Clearing the air on tribal support
I would like the opportunity to clarify the record regarding (a Point of View) in the Homer News on Feb. 8, 2018, written by Mr. Peter Zuyus titled “A Day at the Republican District 31 Convention (AKA The Paul Seaton Retirement Party).”
The (POV) states in part “… Ivan Encelewski, Director of the Ninilchik Tribal Council spoke of the tribal contribution to the economy, health and community involvement on the Kenai Peninsula and how Ninilchik tribal activities benefit both native and nonnative borough residents. He outlined the ongoing programs of the Ninilchik Council and the Council support for much of the Republican Party platform and agenda. ...”
The Ninilchik Traditional Council is apolitical and does not specifically endorse a certain political party or candidate over another. This was noted and cited verbatim in the speech. The idea was to talk about who we are, what we do in the community, and to highlight some areas of alignment with the GOP platform. This included past and current support for aspects of the following specific topics: developing natural resources; jobs and the economy; less governmental regulation; fish and game resources to include supporting subsistence; bolstering transportation with our new bus service; honoring the relationship with Alaska Natives and American Indians; responsible homeownership; combatting local drug abuse; and honoring our veterans which includes sharing agreements that allow VA patients to be seen at our clinic. In addition; supporting the 2nd amendment to coincide with subsistence hunting; ensuring safe neighborhoods; and the concept of restorative justice with tribal courts such as the recent state-tribal accord reached with the Kenaitze Indian Tribe’s wellness court was presented as well.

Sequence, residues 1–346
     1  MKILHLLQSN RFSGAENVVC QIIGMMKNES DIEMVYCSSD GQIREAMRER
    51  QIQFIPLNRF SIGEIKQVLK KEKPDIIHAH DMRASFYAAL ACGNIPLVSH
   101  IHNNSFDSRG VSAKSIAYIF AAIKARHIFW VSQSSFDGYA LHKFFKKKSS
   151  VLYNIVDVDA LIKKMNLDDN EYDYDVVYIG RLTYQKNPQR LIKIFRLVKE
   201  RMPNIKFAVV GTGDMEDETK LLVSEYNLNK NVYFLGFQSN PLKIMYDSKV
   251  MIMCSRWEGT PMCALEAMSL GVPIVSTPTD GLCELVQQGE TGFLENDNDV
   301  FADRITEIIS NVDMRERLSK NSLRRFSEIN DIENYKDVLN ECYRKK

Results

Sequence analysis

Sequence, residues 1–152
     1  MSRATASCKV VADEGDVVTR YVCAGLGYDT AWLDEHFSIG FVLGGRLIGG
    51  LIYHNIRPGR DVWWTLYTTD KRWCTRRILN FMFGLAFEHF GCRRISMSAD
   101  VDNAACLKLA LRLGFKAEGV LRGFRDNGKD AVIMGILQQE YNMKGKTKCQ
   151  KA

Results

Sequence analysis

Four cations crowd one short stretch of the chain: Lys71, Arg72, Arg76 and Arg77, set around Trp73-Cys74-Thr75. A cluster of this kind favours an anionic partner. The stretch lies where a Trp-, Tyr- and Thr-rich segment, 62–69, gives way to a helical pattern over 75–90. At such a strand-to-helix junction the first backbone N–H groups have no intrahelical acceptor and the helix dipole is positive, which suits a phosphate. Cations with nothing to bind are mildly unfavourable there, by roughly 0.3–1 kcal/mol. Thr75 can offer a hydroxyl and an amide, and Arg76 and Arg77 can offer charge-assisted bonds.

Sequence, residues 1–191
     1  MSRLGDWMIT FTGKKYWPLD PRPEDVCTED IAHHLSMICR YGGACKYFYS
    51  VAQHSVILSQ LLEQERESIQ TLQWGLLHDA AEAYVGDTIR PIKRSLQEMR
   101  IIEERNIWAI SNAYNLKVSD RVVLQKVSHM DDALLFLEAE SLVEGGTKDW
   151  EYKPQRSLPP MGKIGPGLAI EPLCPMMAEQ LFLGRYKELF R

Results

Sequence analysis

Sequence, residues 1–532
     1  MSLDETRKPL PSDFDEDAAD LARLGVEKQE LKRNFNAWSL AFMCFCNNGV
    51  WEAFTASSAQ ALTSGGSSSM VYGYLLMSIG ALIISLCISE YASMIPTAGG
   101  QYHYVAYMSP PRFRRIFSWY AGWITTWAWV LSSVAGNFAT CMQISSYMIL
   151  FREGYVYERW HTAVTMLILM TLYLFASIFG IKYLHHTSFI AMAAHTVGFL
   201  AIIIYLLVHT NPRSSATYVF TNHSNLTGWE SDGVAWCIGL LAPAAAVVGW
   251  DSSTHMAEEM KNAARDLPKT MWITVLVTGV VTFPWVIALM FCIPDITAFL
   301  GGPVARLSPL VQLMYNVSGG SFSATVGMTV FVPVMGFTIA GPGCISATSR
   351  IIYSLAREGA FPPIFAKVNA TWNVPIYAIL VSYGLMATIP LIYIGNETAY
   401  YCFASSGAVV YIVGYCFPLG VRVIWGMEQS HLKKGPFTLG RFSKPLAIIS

Alignment with parts of the aforementioned platform and attendance by certain individuals wasn’t to be construed as an endorsement by the tribe of much of the Republican Party platform and agenda. We continue to be apolitical and at the same time welcome the occasion to present positions where we can work together, or are in agreement on issues of paramount importance. We would extend that opportunity to any party wishing to hear our voice and how our activities might align with their organization.
We believe a correction or opportunity to present this clarification is appropriate, as many may incorrectly assume based upon the statement in the (POV) that we support a certain political party over another. Thank you.
Ivan Z. Encelewski, Executive Director
Tribe is nonpartisan
The Ninilchik Tribe as a whole does not support any candidate, platform, or agenda, Republican or otherwise.
This letter is meant to refute and clarify statements contained in Mr. Zuyus’s personally expressed Point of View in the Feb 8, 2018 edition of the Homer News.
Mr Zuyus incorrectly states that the Ninilchik Traditional Council (NTC) supports much of the Republican platform and agenda. This is absolutely NOT true. Mr. Encelewski assured me that he correctly prefaced his remarks at the Republican shindig (the Republican Party had rented space from NTC), stating that NTC is nonpartisan. NTC represents and respects all members of the tribe who have various political affiliations and beliefs, mine included.
I do not support most of the Republican platform nor agenda. Mr. Zuyus, please listen closely to the remarks made at any gathering and report them accurately. In this case you did not do so, thereby offending many. There are likely many members of the Ninilchik Tribe who DO NOT support the current Republican agenda.
Sara Jackinsky, member, Ninilchik Tribe
Utility pole bill usurps citizens rights